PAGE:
Michael Barone | February 19, 2007

Last week, we had a couple of object lessons in how to use -- or misuse -- foreign intelligence.

Suzanne Fields | February 19, 2007

Ayaan Hirsi Ali is trying to spark another revolution, one that reveals Western women of that earlier revolution as engaging in child's play.

Donald Lambro | February 19, 2007

If this is the winter of America's discontent, our troubles are largely overseas where the Iraq war overshadows so many positive, even breathtaking advances here at home.

Robert Novak | February 19, 2007

After 16 undistinguished terms in Congress, Rep. John P. Murtha at long last felt his moment had arrived.

Burt Prelutsky | February 19, 2007

As I look around at all the candidates who have decided that they and they alone are fit to be the leader of the free world, I can’t help wishing that at least one of them could display similar proof.

Doug Wilson | February 19, 2007

When it comes to the war on Islamic radicalism, we cannot expect the military to achieve victory on its own.

Carol Platt Liebau | February 19, 2007

With their vote on Friday for a non-binding resolution condemning the President’s troop surge, the Democrats have finally formalized their position: They have thrown their political fortunes squarely behind an American defeat in Iraq.

Harry R. Jackson, Jr. | February 19, 2007

Many of the newly elected leadership of the House and Senate need to remember the example of Margaret Thatcher of England when she distinguished herself by maintaining an outsiders perspective.

Mike Adams | February 19, 2007

Despite a recent survey conducted by Dee Rowland, Chairwoman of the Gun Violence Prevention Center, I know that owning a gun is the best way to protect myself from criminal victimization.

Star Parker | February 19, 2007

Watching politicians and corporations shoot themselves in the foot, you get to taking seriously theories about drives to self destruction. The trouble is that when these folks do it, they tend to take the rest of us with them.

Armstrong Williams | February 19, 2007

You don’t normally expect a National Aeronautics and Space Administration (NASA) astronaut, captain in the United States Navy, college graduate, and Roman Catholic to fall so hard, so fast. But then again, you also would never suspect an American President to have sex with an intern, a National Basketball Association star to rape a mistress, or a Hall of Fame football player to commit a double murder.

Sun, Feb 18, 2007

Tim Walberg | February 18, 2007

Since I began my first term in Congress last month, I've been asked numerous times if I feel the Republican Party has a problem with its "brand." As I travel across my south-central Michigan district and meet with my constituents, I realize a great amount of uncertainty exists as to what the Republican brand really is.

Jonathan Garthwaite | February 18, 2007

Thomas Sowell and his three-part series on global warming hysteria took took the top three spots. See what else readers were talking about during the week that was -- Feb 11-17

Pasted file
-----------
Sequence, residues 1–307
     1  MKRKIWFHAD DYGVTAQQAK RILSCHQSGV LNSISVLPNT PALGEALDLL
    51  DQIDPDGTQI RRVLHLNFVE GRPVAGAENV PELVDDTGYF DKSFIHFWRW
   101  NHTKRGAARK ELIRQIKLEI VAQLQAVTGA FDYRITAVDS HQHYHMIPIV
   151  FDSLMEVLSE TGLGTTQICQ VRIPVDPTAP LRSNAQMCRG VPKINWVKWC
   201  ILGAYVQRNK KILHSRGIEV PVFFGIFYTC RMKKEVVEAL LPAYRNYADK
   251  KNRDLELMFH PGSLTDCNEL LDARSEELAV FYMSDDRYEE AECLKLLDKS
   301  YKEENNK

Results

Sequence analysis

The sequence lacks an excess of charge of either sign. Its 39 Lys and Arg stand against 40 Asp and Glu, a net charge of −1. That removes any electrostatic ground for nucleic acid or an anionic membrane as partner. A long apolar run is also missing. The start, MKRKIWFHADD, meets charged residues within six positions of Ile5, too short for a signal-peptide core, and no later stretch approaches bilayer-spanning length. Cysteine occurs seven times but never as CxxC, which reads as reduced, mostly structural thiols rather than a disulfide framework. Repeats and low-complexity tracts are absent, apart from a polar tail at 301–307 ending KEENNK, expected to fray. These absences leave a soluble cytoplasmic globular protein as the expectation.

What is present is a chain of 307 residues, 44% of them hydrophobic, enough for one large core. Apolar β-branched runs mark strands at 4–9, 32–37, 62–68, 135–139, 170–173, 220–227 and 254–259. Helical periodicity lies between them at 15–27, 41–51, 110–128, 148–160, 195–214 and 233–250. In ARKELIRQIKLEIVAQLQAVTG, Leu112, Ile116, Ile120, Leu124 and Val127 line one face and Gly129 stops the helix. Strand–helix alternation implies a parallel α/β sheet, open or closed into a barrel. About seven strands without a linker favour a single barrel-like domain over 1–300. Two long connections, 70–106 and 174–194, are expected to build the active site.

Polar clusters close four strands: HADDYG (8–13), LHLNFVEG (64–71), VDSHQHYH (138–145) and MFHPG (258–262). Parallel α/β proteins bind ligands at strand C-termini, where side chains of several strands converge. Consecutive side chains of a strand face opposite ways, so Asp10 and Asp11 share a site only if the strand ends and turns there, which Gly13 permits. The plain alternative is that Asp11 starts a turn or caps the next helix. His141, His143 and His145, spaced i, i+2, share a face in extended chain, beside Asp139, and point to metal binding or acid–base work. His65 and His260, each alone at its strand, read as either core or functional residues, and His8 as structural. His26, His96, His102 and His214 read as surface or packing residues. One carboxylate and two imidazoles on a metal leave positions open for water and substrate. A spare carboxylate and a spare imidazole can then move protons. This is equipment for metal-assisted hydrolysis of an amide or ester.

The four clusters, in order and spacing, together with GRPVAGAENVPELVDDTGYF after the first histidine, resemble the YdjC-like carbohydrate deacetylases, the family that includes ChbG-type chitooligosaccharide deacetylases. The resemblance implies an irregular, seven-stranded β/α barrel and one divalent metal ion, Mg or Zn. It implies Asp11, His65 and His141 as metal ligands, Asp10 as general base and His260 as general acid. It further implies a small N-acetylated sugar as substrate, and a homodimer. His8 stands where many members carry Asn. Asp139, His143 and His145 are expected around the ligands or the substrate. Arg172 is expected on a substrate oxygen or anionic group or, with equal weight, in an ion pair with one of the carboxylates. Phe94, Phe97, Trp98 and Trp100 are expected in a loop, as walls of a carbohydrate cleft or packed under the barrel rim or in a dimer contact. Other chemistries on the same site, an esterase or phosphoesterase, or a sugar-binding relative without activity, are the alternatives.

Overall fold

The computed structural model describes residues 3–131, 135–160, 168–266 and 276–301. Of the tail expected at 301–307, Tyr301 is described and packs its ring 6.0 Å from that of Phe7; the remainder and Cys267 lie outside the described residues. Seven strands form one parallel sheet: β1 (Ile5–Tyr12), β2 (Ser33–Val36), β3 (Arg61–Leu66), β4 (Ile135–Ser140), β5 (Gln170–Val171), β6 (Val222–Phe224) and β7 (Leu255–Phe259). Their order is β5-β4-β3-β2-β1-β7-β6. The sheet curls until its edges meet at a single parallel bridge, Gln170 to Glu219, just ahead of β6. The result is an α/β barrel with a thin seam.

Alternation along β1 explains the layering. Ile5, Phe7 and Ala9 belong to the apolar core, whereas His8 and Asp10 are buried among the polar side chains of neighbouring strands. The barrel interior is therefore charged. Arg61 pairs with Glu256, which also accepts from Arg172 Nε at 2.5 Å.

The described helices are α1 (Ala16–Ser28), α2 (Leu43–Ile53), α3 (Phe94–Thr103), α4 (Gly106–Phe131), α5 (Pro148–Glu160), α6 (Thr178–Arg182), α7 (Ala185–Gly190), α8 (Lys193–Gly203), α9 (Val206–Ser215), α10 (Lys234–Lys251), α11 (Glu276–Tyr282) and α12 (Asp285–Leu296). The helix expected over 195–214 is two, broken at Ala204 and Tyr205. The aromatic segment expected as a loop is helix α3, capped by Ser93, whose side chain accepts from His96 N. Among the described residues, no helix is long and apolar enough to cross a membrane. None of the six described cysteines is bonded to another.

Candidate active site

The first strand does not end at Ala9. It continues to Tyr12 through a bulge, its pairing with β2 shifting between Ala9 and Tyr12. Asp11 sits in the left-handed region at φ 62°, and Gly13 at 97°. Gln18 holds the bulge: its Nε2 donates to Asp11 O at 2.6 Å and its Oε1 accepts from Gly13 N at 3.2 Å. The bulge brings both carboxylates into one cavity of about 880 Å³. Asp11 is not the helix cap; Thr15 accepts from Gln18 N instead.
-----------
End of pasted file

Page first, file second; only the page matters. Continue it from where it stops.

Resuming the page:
Kevin McCullough | February 18, 2007

Hillary Clinton seems to view black voters the same way plantation owners viewed slaves - they are her property, they will do what she says, and she will make their lives hell-on-earth if she doesn't get her way.

Dick Morris and Eileen McGann | February 18, 2007

The New York senator is not used to being challenged on either her policy positions or her votes - especially when it comes to Iraq. For the last six years, she's operated in a protective bubble - insulated from the press and the voters. Those days are over.

Mary Grabar | February 18, 2007

I hope you don’t mind that I’ve adapted the title of your bestselling pamphlet bound between two hard covers and foisted on to an ignorant public as a book. Of course, I am referring to your pretentious Letter to a Christian Nation.

George Will | February 18, 2007

Two Democratic presidential candidates with national campaign experience are stumbling. A Republican candidate who has run only municipal campaigns is confounding expectations, calling into question some assumptions about Republican voters.

Paul Jacob | February 18, 2007

We still need roads. Not just bike trails and sidewalks. But just try telling that to Metro's retro visionaries.

Frank Pastore | February 18, 2007

Looking at the reaction to my last column, there’s a whole bunch of people whose default position is to believe so–and maybe they’re right. In their minds, “Islam is the enemy. We’re at war. She shouldn’t be here.” It’s that simple to them.

Mike Gallagher | February 18, 2007

Sometimes, the media is willing to forgive and forget, especially if the one doing the apologizing is aligned with most of the news media's political ideology.

Debra J. Saunders | February 18, 2007

Last month, when Border Patrol Agents Ignacio Ramos and Jose Compean began serving 11-year and 12-year prison sentences, respectively, for shooting at a fleeing drug smuggler, many Americans were outraged that the federal government would prosecute two agents for doing their jobs.